Non-native English walnuts are susceptible to root diseases in California so walnut farmers plant native black walnut trees to start the orchard. When the black walnuts are a year old with strong roots and vigorous base they are chopped off and an English walnut shoot is grafted to the stump.

All the trees in the orchard below show the wider stump base (highlighted in yellow) that ends at the graft point. Above the graft English walnuts produce their own delicious nuts which are harvested after they fall by sweeping and vacuuming from the ground. FLORY harvesting equipment is pictured below.

Walnut orchard in California with FLORY sweeper machine (photo from Wikimedia Commons) The trunk and treetops are Juglans regia, the stump and roots are Juglans nigra
vacuuming up walnuts in the orchard, video from Midland Tractor on YouTube

Black walnut trees can be identified in winter as a bare tree standing alone with twigs that have alternate (not opposite) small buds above large leaf scars.

Black walnut trees tend to stand alone (photo from Wikimedia Commons)
Black walnut buds and leaf scar, Schenley Park, 27 Feb 2023 (photo by Kate St. John)

Black walnut trees stand alone because …

Like other walnuts, the roots, inner bark, nut husks, and leaves [of Julgans nigra] contain a nontoxic chemical called hydrojuglone; when exposed to air or soil compounds it is oxidized into juglone that is biologically active and acts as a respiratory inhibitor to some plants. Juglone is poorly soluble in water and does not move far in the soil and will stay most concentrated in the soil directly beneath the tree.

Symptoms of juglone poisoning include foliar yellowing and wilting. A number of plants are particularly sensitive. Apples, tomatoes, pines, and birch are poisoned by juglone, and as a precaution, should not be planted in proximity to a black walnut.

quote from Wikipedia

(credits are in the captions)


Pignut with husk partly gone, Oct 2023 (photo by Kate St. John)

15 November 2023

The Nutty Series: Pignut hickory

Different species of hickory nuts look the same … but not quite. This one, partially in its husk, was a puzzle so I brought it home. Husks and shells together provide the clues so I had three nuts to work with in various stages of undress, plus a table of southwestern PA hickory husk and shell characteristics.

Pignuts in husk, shell with insect hole, partially in husk, Nov 2023 (photo by Kate St. John)
Characteristics of Southwestern PA Hickory Husks and Shells
Common NameScientific name
Shagbark HickoryCarya ovataNearly round, 1.75", thick, green, splits to baseNut has 4 ribs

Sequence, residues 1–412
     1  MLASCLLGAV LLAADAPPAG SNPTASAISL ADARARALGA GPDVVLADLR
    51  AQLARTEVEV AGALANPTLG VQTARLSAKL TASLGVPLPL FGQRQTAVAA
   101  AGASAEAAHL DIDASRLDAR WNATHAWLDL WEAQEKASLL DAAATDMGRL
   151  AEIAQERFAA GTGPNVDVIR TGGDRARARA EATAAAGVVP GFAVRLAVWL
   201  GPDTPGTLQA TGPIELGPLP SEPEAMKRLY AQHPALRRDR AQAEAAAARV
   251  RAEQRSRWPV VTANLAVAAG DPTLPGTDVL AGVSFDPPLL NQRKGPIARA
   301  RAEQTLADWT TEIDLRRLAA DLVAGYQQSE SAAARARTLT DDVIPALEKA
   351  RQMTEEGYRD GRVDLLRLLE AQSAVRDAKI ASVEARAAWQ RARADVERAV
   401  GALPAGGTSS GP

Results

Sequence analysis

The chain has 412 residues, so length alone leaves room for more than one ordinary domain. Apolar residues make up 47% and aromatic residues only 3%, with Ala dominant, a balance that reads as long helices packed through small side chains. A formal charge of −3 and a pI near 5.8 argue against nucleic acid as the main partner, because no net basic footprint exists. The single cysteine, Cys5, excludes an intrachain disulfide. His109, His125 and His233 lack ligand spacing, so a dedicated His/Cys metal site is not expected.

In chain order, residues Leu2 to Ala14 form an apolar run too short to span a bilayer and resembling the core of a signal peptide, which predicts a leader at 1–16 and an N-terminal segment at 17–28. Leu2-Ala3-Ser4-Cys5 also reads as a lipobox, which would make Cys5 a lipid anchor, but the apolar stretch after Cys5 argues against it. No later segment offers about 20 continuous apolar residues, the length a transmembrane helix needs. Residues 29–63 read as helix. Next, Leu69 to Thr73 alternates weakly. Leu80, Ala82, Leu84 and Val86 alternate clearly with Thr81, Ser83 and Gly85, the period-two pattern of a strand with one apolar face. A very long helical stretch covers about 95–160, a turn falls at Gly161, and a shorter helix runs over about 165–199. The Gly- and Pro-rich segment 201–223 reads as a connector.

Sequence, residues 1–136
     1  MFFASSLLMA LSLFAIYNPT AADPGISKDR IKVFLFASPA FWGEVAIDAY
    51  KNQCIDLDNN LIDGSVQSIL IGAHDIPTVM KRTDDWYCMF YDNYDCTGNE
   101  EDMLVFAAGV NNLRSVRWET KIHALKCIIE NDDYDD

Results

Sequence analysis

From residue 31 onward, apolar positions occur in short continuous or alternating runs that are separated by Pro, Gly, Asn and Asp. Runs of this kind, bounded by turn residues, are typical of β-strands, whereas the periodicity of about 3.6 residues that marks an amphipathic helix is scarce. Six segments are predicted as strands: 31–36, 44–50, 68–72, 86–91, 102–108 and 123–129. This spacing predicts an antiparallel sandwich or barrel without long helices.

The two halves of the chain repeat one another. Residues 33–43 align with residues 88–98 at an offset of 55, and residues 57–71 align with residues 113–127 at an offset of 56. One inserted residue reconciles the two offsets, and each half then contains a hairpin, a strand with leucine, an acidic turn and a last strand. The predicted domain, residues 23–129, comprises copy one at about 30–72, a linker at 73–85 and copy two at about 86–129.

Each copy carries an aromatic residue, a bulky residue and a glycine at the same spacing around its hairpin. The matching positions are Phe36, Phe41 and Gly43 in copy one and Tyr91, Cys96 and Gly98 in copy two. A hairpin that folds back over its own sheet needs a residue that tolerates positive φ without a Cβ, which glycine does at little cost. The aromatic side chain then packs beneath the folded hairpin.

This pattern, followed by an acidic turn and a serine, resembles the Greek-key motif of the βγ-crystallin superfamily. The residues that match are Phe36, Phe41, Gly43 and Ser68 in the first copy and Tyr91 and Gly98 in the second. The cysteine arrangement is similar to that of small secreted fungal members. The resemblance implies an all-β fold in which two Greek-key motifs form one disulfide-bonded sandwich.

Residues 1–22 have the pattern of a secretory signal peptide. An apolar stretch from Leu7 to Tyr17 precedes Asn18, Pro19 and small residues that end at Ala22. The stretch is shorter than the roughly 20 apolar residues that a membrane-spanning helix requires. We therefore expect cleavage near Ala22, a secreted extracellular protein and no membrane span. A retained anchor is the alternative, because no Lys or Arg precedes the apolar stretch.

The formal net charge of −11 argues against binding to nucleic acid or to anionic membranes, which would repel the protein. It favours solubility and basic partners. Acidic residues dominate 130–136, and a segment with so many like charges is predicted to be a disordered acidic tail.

Mockernut hickoryCarya tomentosaOval to pear shaped, 1.75", green, husk is thinner than shagbark's, splits to baseNut is thick-shelled with 4 ribs
Pignut hickoryCarya glabraOval or slightly pear shaped, 1.5", thin husk green to tan, maturing to da
rk brown, usually splits only partway to base
Nut has no ribs
Bitternut hickoryCarya cordiformisVery thin rough husk with 4 wings, splits only to the middle as if it is peeling off the shellNut is round, small and thin-shelled with a pointed tip

The Verdict: The photo was taken after the nuts sat indoors for three weeks. The husk is still pear shaped but has turned brown and splits completely. Hmmm. The nut, however, has no ribs so I’d say this is a pignut.

Sliced open it would look like this. I lack the tools to make such a clean cut.

Pignut sliced open (photo by Rebekah D. Wallace, University of Georgia,

Pignuts were too bitter for European settlers so they fed them to their pigs, hence the pignut name. However pignuts are prized by wildlife including chipmunks, squirrels, mice, blue jays, red-bellied woodpeckers and wild turkeys. If deer eat them they will soon disappear from the ground in Pittsburgh’s parks.

Pignut hickories (Carya glabra) range along the east coast (the original colonies) all the way to the Mississippi Valley and down to the Gulf of Mexico but don’t normally grow in northern Pennsylvania.

Pignut hickory range (map from Wikimedia Commons)

In winter they are best identified by their buds. As with all hickories, the end bud is larger than the side buds but on the pignut it is relatively small and the side buds are almost at right angles to the twig. This one is about to burst into spring leaves.

Pignut hickory buds (photo by Chris Evans, University of Illinois,

Young trees have smooth bark. Mature ones have these ridges.

Mature bark on a pignut hickory (photo by Rebekah D. Wallace, University of Georgia,

The tree’s compound leaves have 5-7 serrated leaflets …

Pignut on the hickory tree (photo by Franklin Bonner, USFS (ret.),

… which turn a beautiful golden color in the fall.

Pignut hickory in autumn (photo by T. Davis Snydor, The Ohio State University,

But now the trees are bare.

Bare pignut hickory (photo by T. Davis Sydnor, The Ohio State University,

Bonus! Did you notice the clean hole in the center nut in my three-nut photo? It was probably made by a pecan weevil (Curculio caryae). The weevil drills a hole to lay its eggs inside developing hickory nuts, including pecans.

Pecan weevil drilling into a husk (photo by Jerry A Payne, USDA Agricultural Research,

How does she drill into the nuts? Check out this video of acorn weevils drilling and mating.

Read more about pignuts at the Glen Arboretum.

(credits are in the captions)

A Wasp, An Oak, and Indelible Ink

Screenshot from Making Manuscripts: Oak Gall Ink (source video below from the British Library on YouTube)

12 November 2023

Nowadays it’s rare to write anything by hand unless it’s the size of a Post-It note. When we really want to say something we use keyboards and touch screens to generate digital text read on screens or, less often, on paper. Our writing equipment becomes obsolete so rapidly that our computers and cellphones are replaced within a decade. (Who among us is still using the same cellphone since 2013? Do we even remember what model it was?)

So consider this: Humans used the same writing tool, the same indelible ink, from the 5th to the 19th century. When applied to parchment, it is readable 1,700 years later. The ink is easy to make by hand from natural ingredients and is still used in calligraphy today. To make iron gall ink, the process starts with a wasp and an oak.

When a cynipid wasp lays an egg in a developing oak leaf bud, the hatched larva secretes a substance that makes the oak surround it with a gall. The wasp (Andricus kollari) and the oak marble gall below are from Europe but similar wasps and oak galls occur in North America(*).